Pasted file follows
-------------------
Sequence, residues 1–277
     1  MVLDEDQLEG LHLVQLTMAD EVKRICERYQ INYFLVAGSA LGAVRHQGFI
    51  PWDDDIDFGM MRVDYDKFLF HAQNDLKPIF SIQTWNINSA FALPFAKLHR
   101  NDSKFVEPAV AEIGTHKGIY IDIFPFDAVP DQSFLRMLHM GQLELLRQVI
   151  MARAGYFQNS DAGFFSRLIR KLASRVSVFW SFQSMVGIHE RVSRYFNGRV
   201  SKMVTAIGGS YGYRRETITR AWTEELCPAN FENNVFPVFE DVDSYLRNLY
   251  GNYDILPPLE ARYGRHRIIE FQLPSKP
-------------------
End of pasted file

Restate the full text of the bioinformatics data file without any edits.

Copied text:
Sequence, residues 1–277
     1  MVLDEDQLEG LHLVQLTMAD EVKRICERYQ INYFLVAGSA LGAVRHQGFI
    51  PWDDDIDFGM MRVDYDKFLF HAQNDLKPIF SIQTWNINSA FALPFAKLHR
   101  NDSKFVEPAV AEIGTHKGIY IDIFPFDAVP DQSFLRMLHM GQLELLRQVI
   151  MARAGYFQNS DAGFFSRLIR KLASRVSVFW SFQSMVGIHE RVSRYFNGRV
   201  SKMVTAIGGS YGYRRETITR AWTEELCPAN FENNVFPVFE DVDSYLRNLY
   251  GNYDILPPLE ARYGRHRIIE FQLPSKP